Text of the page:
Elon Musk justifies ‘funding secured’ tweet during Tesla trial

How do you know when a “handshake” deal is complete?

Elon Musk has an analogy for this.

On the witness stand Monday, defending his 2018 Tesla Take Private tweets, Musk explained, If a bank tells you they will support your desire to buy a home, and then you agree, a home to buy it, the bank will give you a mortgage as a matter of course. “They’re still doing this paperwork to go through with the transaction, but the transaction goes through,” he said in court at his fraud trial.

For a man who recently sold $62 million in Bel Air mansions, Musk has some ill-informed ideas about how real estate transactions work. At least for most people.

The analogy sparked a bit of amusement from the attorney representing investors who say Musk cheated them.

“When I bought my house, I got a letter of acceptance from a bank,” said plaintiff attorney Nicholas Porritt. “You Maybe you can buy a house without a letter of approval from a bank, but the rest of us understand that you need a letter of approval from the bank before you start bidding.”

Musk was quick to drop the analogy. “That’s not how things work with a sovereign mutual fund,” he said, moving on to other explanations for the use of the word “funding secured.” February 7, 2018, tweet for a take Tesla private deal that never materialized and was never shown to actually have funding secured.

Funding was to come from Saudi Arabia’s gigantic Public Investment Fund. Musk testified that a previous agreement that included a Saudi purchase of 5% of Tesla shares was done as a handshake deal, so Musk said in the private discussion, “It’s reasonable to assume you would shake hands and that was it.”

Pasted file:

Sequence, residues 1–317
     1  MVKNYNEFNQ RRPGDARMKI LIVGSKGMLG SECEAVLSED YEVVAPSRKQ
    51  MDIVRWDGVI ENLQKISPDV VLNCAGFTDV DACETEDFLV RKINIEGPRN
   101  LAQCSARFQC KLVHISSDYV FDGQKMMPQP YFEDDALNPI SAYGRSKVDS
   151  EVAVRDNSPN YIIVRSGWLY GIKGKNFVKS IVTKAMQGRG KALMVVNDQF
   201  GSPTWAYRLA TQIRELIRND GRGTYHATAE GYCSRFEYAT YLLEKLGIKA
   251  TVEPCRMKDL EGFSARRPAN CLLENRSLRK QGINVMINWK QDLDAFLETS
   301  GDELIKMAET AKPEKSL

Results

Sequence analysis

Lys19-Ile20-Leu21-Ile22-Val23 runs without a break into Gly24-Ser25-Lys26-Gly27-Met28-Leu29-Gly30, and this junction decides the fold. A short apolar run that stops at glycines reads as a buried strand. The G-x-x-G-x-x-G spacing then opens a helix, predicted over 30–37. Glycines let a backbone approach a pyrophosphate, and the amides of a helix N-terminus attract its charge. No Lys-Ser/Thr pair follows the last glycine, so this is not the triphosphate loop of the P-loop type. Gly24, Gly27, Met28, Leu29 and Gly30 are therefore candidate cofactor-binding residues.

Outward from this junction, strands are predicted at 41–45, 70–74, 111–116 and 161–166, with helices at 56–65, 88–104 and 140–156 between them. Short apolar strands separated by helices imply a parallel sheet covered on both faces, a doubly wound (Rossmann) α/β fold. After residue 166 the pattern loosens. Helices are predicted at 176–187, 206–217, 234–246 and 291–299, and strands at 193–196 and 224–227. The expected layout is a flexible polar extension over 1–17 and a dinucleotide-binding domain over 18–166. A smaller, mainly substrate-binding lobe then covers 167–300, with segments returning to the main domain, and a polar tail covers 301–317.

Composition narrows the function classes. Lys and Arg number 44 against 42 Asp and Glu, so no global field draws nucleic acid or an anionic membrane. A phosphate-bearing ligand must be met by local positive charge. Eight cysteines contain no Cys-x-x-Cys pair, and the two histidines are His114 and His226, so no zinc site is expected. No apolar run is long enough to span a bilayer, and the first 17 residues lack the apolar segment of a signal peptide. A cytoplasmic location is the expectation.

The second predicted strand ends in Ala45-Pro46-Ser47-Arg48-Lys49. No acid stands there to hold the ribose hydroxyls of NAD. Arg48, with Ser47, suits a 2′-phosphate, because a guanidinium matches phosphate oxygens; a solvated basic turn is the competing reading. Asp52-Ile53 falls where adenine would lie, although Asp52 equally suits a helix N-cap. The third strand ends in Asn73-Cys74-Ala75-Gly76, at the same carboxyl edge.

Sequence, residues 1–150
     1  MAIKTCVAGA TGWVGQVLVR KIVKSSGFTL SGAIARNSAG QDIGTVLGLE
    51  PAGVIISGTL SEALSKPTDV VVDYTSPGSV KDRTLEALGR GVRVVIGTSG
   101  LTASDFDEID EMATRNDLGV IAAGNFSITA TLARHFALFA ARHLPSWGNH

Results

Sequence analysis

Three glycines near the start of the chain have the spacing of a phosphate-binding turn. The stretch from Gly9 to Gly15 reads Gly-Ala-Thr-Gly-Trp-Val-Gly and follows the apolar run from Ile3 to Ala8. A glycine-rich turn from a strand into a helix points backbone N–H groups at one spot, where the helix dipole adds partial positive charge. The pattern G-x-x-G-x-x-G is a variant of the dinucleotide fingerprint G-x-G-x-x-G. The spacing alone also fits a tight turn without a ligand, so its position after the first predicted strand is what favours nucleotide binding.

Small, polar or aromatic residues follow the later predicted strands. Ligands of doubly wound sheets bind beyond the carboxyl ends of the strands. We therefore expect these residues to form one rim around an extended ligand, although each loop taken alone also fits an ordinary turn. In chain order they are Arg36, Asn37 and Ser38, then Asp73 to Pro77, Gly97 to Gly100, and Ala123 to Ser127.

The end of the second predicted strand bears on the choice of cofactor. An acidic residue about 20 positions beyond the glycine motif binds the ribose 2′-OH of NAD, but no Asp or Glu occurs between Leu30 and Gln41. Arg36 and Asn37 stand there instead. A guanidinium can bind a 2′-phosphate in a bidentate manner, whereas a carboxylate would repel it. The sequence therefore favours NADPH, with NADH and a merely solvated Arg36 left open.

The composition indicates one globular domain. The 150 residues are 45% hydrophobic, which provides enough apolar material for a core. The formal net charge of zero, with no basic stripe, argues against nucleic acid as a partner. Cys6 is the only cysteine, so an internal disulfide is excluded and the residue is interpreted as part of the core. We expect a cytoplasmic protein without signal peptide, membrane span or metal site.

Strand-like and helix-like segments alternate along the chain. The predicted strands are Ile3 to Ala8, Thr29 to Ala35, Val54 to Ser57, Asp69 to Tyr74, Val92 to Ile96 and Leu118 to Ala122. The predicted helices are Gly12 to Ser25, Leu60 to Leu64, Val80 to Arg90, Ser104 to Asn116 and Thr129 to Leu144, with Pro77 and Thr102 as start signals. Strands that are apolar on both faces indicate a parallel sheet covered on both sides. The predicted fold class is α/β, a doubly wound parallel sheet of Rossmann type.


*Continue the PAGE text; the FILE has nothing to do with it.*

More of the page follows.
Musk had discussed the take-private deal with PIF boss Yasir Al-Rumayyan in 2018, a week before his tweet. But in his statement Monday, Musk acknowledged that no financial terms were agreed. After the “funding secured” brouhaha, Al-Rumayyan asked Musk for more financial information on the deal, then canceled it. Musk told the court that Al-Rumayyan “didn’t live up to his word.”

Investors say they believed Musk’s tweet was genuine, and they lost big bucks when the stock’s market value plummeted billions of dollars in response.

No one but Musk was involved in the potential deal, saying they believed funding was secured, including the Saudi fund.

Trial Judge Edward Chen of the US District Court in San Francisco instructed the jury in the current case to rule that the “funding secured” tweet was false. Four years ago, Musk signed a settlement with the Federal Securities Commission in the wake of the tweet. Under this deal, the US Securities and Exchange Commission cannot call Musk a fraud, and Musk cannot say he was acquitted of fraud charges.

The current case could relate to whether the jury believes Musk knew it was wrong when he tweeted it.

Though Musk was reticent, often speaking in fragmented and halting sentences at the urging of the investors’ attorney, he was significantly more confident when questioned by his defense team.

“I am accused of having made materially false statements. I am accused of fraud. It’s outrageous,” he said.

The defense focused on the first sentence of Musk’s “funding secured” tweet, which read in full: “I’m considering privatizing Tesla for $420.” Funding secured.” Musk emphasized that his interest in privatizing the company is genuine. However, the lawsuit doesn’t allege that Musk had no intention of taking the company private, instead focusing on whether funding was secured.

He previously said the funding is secured because he owns a large stake in the rocket company SpaceX and because SpaceX may also invest in Tesla.

Musk returns to the witness stand on Tuesday.

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